Project Guidelines by Prof. Craig E. Wills

This document is intended to provide guidelines and expectations for IQP and MQP projects advised by me. The guidelines given herein reflect my advising standards and expectations. These guidelines are derived from my own experience, a resolution on project grading endorsed by the WPI faculty and from guidelines used by Professors Michael Gennert, Roy Rubinstein, John Griffin and Rick Vaz.

The following guidelines are expected to be adhered to by all members of the project team. If you have any questions, be sure and ask me.

Project Grading

All team members will usually receive the same grade. If a team member is not pulling his or her weight, it reflects badly on everyone. If this situation cannot be worked out among yourselves, be sure to discuss it with me.

Upon completion of the project, students will receive an overall project grade. It is important to note that this grade reflects not only the final products of the project (results, report, etc), but also the process by which they were attained. No amount of last-minute effort will turn a mediocre project effort into an A.

Final grades will be assigned as follows:
A: denotes consistently excellent effort that attains the project goals.
B: denotes consistently good effort that attains the project goals.
C: denotes acceptable effort that partially attains the project goals.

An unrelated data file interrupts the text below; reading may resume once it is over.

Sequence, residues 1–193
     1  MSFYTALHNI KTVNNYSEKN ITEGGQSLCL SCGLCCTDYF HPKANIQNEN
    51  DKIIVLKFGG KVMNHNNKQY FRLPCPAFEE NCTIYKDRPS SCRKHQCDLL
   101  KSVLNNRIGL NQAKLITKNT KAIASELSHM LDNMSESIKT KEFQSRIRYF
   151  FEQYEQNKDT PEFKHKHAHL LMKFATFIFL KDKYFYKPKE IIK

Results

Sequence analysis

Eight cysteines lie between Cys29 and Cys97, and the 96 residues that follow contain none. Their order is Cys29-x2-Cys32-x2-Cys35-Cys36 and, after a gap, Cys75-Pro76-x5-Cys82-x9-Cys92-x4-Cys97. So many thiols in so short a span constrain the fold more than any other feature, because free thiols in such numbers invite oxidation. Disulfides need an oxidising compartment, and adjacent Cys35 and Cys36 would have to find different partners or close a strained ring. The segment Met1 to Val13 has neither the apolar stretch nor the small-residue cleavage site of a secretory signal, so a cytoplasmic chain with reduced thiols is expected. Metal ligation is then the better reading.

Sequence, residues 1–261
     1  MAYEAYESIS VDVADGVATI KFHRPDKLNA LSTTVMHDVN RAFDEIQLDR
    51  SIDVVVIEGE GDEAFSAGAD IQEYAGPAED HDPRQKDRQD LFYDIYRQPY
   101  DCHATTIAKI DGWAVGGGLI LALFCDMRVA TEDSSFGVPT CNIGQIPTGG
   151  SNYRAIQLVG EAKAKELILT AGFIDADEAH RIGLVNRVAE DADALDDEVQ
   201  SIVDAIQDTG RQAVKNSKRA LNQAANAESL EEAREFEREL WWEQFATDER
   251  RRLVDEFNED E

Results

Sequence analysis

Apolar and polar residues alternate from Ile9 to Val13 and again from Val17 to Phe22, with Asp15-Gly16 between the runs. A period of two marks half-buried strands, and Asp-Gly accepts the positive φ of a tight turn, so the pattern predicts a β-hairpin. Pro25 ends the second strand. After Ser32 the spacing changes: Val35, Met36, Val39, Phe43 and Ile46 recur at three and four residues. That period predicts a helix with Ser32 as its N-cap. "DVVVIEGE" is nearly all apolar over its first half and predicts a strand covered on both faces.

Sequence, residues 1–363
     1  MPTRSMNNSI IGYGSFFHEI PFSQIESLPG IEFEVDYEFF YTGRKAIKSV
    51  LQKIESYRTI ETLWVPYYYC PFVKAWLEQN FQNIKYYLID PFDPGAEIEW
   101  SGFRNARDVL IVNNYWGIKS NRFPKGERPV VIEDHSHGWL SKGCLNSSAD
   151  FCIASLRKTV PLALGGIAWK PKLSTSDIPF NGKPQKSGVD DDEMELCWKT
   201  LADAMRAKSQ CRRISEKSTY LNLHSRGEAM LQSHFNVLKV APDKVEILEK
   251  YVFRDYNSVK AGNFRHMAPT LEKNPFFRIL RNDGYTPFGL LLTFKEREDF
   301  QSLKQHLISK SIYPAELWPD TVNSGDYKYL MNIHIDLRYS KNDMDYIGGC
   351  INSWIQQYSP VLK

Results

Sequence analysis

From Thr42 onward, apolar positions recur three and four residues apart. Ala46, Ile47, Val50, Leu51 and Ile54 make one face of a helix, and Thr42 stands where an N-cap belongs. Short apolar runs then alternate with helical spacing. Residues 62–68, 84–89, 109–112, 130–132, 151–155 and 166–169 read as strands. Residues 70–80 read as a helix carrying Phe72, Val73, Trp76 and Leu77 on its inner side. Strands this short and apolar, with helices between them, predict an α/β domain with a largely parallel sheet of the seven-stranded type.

Each term a student is registered for a project, a grade will be given to the student reflecting a judgement of accomplishments for that term. The same guidelines given above will be used to assign a grade for progress during the term. Term grades are independent of each other and an indication, but not an absolute determinant of the final grade. In addition, the grade SP may be given for a term grade when acceptable effort has been done to earn credit, but the quality of the work cannot be judged. The grade NAC will be given for unacceptable effort and the grade NR for situations where credit cannot be given, but a grade should not be placed on the student's transcript.

A word of caution: Do not get overly concerned about the ``grade'' you receive for the project as much as doing the project work to the best of your ability. Rather than concentrate on the grade, think about the impression your work on the project will leave with me and others as you will be seeking recommendations for future employment and school. It is not only important what you do, but how you do it.